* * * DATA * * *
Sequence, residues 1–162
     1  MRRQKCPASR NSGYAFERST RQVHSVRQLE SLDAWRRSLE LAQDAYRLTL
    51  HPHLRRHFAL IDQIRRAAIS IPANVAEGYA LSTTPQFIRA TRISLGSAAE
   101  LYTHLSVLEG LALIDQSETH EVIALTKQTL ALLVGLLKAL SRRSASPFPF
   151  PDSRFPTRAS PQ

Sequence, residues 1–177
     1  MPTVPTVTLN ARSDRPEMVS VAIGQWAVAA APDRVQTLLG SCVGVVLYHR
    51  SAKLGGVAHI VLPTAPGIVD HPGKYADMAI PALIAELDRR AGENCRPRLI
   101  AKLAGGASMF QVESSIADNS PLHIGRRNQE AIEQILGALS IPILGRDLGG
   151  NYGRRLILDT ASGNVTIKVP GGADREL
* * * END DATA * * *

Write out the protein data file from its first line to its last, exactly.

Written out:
Sequence, residues 1–162
     1  MRRQKCPASR NSGYAFERST RQVHSVRQLE SLDAWRRSLE LAQDAYRLTL
    51  HPHLRRHFAL IDQIRRAAIS IPANVAEGYA LSTTPQFIRA TRISLGSAAE
   101  LYTHLSVLEG LALIDQSETH EVIALTKQTL ALLVGLLKAL SRRSASPFPF
   151  PDSRFPTRAS PQ

Sequence, residues 1–177
     1  MPTVPTVTLN ARSDRPEMVS VAIGQWAVAA APDRVQTLLG SCVGVVLYHR
    51  SAKLGGVAHI VLPTAPGIVD HPGKYADMAI PALIAELDRR AGENCRPRLI
   101  AKLAGGASMF QVESSIADNS PLHIGRRNQE AIEQILGALS IPILGRDLGG
   151  NYGRRLILDT ASGNVTIKVP GGADREL